Joseph Abraham, Sr., 55, pleaded guilty to second-degree murder in connection to the murder of his 25-year-old wife, Amanda Trenck in their Van Cortlandt Avenue apartments in Yonkers last May.
Shortly before 9:15 a.m. on May 21, officers from the Yonkers Police Department were dispatched to the apartment, where there was a reported attempted suicide with multiple victims potentially at the scene.
Upon arrival, police officers said that they found Trenck in her bedroom slumped over the bed with multiple stab wounds and a large pool of blood around her.
Abraham was found unconscious in a full bathtub with cuts visible on both of his wrists and the side of his neck.
According to detectives from the Major Case and Crime Scene Units investigated the incident, police determined that Abraham allegedly stabbed his wife multiple times in her body and torso, resulting in her death following a domestic dispute. Trenck was taken to St. Joseph's Hospital for treatment, where she was pronounced dead.
Police said that both parties were discovered by family members who lived in the same apartment who proceeded to call 911. They reportedly cooperated with law enforcement authorities and several knives were recovered at the scene.
In part of his statement prior to sentencing, Amanda’s father, Jeffery Trenck, described the violent end of his daughter’s life: “I have read the coroner’s report and the last moments of my daughter’s life were truly horrific, she was attacked while asleep in bed and woke to multiple stabs in the back. She turned over and fought for her life only to continue to receive a vicious attack, broken ribs and several more stabs to the chest and neck and succumbed to these wounds and loss of blood.
"In prison, you can have visitors and make phone calls. I will never again receive a phone call or text message on my birthday, Father’s Day, anniversary or holiday from my daughter. This is not a victory. There will be no celebration. I take no joy in the sentence handed down – I just want what is fair for the suffering that Amanda’s family and friends have to endure for the remainder of their lives with her loss.”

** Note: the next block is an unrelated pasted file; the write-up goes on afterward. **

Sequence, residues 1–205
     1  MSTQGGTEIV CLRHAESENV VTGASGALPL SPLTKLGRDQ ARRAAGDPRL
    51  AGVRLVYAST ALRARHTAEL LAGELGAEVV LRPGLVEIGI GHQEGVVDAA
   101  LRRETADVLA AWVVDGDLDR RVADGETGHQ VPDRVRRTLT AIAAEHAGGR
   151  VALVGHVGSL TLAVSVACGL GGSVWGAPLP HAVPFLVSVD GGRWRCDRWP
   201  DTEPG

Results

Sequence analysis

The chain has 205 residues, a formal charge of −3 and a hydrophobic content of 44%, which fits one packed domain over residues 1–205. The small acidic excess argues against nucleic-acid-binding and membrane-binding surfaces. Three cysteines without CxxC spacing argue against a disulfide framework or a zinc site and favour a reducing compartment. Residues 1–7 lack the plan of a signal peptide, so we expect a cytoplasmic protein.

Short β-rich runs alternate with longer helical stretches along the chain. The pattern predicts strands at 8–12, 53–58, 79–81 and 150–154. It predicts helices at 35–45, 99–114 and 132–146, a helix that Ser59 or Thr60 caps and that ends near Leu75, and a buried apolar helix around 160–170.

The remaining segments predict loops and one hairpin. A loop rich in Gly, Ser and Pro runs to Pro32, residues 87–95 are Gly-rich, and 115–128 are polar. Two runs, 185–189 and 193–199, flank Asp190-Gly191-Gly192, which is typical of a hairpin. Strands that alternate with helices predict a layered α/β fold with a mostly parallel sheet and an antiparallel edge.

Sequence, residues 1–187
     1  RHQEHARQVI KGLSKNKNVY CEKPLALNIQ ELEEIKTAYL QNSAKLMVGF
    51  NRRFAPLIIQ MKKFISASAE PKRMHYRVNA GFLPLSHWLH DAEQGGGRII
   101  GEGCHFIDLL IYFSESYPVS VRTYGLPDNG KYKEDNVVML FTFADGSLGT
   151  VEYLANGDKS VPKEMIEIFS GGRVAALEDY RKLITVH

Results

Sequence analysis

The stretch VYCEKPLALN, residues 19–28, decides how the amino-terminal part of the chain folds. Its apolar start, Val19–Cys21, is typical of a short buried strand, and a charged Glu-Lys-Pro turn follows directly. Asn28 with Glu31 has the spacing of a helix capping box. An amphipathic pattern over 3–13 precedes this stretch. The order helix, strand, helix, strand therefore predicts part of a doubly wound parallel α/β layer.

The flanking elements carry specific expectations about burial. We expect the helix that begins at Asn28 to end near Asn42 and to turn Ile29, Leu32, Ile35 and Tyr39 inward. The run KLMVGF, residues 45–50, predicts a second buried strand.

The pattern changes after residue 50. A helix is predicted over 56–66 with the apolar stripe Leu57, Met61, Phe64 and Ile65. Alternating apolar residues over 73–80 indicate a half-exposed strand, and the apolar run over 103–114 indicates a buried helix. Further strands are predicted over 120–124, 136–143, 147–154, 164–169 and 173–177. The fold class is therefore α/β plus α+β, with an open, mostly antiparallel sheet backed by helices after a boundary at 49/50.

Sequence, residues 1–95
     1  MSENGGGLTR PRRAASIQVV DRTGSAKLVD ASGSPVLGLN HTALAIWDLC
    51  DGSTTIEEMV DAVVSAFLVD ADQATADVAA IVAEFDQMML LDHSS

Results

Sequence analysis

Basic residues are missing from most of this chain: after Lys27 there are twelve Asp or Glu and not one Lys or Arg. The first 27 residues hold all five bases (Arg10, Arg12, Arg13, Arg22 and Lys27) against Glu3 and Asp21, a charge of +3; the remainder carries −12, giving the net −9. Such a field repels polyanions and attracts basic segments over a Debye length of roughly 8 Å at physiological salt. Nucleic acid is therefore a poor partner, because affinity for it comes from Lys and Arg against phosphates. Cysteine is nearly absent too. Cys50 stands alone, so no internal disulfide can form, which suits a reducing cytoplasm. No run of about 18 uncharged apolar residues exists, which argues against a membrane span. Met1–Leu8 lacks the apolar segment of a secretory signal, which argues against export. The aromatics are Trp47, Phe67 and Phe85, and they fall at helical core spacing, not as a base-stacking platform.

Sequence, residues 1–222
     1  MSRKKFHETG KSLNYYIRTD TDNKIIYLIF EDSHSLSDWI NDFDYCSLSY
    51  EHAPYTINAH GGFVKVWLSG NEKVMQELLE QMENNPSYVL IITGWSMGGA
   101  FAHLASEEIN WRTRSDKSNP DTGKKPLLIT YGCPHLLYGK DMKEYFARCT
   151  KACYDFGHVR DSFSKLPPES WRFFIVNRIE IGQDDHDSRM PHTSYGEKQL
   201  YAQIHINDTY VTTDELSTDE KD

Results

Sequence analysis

Amanda’s grandmother, Anne Trenck, did not say Abraham’s name. She only referred to him by his inmate number. She said, “I am unable to forgive you.” And told the court, “Please consider the most innocent person of all in these circumstances, Victoria. She must spend the rest of her life learning to deal with the fact that her father murdered her mother.”
Before reading the sentence, Judge Warhit called Abraham a “gutless coward.” Saying a little girl was left with no mother, and told Abraham, “She’ll learn of your behavior going forward. This is all your doing.” With that, he sentenced Abraham to 18-years-to-life, meaning he cannot seek parole until 18 years into his prison term.
Abraham had faced life in prison for the conviction.
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